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George Katona (6 November 1901, Budapest – 18 June 1981, West Berlin)[1] was a Hungarian-born American psychologist who was one of the first to advocate a rapprochement between economics and psychologists.

He graduated with a doctorate in Experimental Psychology from the University of Göttingen in 1921, and worked in Germany until 1933, both as a journalist and as a psychological researcher. Originally trained as a Gestalt psychologist working on problems of learning and memory, during the Second World War he became involved in American government attempts to use psychology to combat war-induced inflation. This led him to consider the application of psychological principles to macroeconomics, devising measures of consumer expectations that eventually became the University of Michigan Consumer Sentiment Index. Use of this index enabled him to predict the post-war boom in the United States at a time when conventional econometric indicators were predicting a recession, a success which helped his fledgling index establish itself. Katona wrote numerous books and journal articles advocating the development of economic psychology. These general ideas were taken up more fully in Europe than in the United States until the development, after his death, of modern behavioral economics.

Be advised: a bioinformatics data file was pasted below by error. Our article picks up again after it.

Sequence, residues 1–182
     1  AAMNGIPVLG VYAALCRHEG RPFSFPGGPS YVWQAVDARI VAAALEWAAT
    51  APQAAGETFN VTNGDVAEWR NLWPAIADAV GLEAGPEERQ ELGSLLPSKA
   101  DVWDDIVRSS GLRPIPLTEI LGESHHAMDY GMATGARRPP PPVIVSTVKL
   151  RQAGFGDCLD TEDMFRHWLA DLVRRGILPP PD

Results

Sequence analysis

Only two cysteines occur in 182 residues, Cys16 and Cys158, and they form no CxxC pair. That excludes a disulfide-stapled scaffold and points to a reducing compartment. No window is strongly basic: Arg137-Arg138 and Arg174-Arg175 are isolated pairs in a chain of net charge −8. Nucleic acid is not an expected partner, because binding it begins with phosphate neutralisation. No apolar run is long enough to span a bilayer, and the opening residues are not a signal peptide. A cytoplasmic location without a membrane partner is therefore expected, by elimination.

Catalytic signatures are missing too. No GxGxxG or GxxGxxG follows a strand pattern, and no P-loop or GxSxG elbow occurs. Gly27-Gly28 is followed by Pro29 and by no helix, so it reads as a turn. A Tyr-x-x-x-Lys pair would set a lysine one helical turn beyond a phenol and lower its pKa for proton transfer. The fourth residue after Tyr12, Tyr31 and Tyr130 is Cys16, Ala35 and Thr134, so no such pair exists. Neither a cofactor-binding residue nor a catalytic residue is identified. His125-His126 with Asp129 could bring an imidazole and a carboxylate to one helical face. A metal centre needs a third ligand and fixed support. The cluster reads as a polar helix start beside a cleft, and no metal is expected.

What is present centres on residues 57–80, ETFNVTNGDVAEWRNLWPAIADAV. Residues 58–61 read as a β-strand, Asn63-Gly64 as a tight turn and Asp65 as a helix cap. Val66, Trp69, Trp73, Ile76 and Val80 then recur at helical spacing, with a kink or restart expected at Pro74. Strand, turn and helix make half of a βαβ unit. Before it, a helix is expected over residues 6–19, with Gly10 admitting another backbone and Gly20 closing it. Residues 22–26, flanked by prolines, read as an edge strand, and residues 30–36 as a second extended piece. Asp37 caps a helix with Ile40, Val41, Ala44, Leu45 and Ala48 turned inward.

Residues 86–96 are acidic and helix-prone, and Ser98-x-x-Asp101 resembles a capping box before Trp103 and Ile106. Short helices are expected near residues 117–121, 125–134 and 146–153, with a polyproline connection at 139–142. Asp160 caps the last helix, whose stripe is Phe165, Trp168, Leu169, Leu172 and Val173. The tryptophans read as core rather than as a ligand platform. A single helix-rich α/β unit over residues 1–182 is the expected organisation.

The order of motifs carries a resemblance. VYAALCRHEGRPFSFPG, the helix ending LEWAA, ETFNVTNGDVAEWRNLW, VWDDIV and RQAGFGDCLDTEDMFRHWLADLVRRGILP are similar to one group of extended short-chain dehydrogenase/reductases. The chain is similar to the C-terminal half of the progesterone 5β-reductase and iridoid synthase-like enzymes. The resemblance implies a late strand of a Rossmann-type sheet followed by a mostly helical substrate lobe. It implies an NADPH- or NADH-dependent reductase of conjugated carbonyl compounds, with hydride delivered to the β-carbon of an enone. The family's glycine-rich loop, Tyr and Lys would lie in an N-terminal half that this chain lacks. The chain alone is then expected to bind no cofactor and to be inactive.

In 1957 he was elected as a Fellow of the American Statistical Association.[2]

Decision makingEdit

Katona contrasted "genuine decision" and "habitual behavior".[3] This remark is important. In fact, neoclassical economics deemed human decision making as genuine decision (with complete rationality), whereas evolutionary economics emphasized that economic behavior take a form of habits and customs.

Recent theory of artificial intelligence distinguishes GOFAI (Good Old-Fashioned Artificial Intelligence) and computational intelligence. In spite of the impression the term "computational intelligence" may indicate, researchers of computational intelligence doubt that high-level symbol manipulation alone could account for all intelligent behaviors. One can deem Katona's explanation of "habitual behavior" as one of the precursors of situated learning and knowledge.


(This list is currently incomplete.)

  • Organizing and Memorizing (1940)
  • War without inflation : the psychological approach to problems of war economy (1942)
  • Psychological Analysis of Economic Behavior (1951)
  • The powerful consumer
  • "The Mass Consumption Society" (1964)
  • Psychological economics (1975)
  • A new economic era (with Burkhard Strumpel) (1978)


  1. ^ Wärneryd, K.-E. (1982). The life and work of George Katona. Journal of Economic Psychology, 2, 1-31.
  2. ^ View/Search Fellows of the ASA, accessed 2016-07-23.
  3. ^ George Katona 1951 Psychological Analysis of Economic Behavior McGrow-Hill.

External linksEdit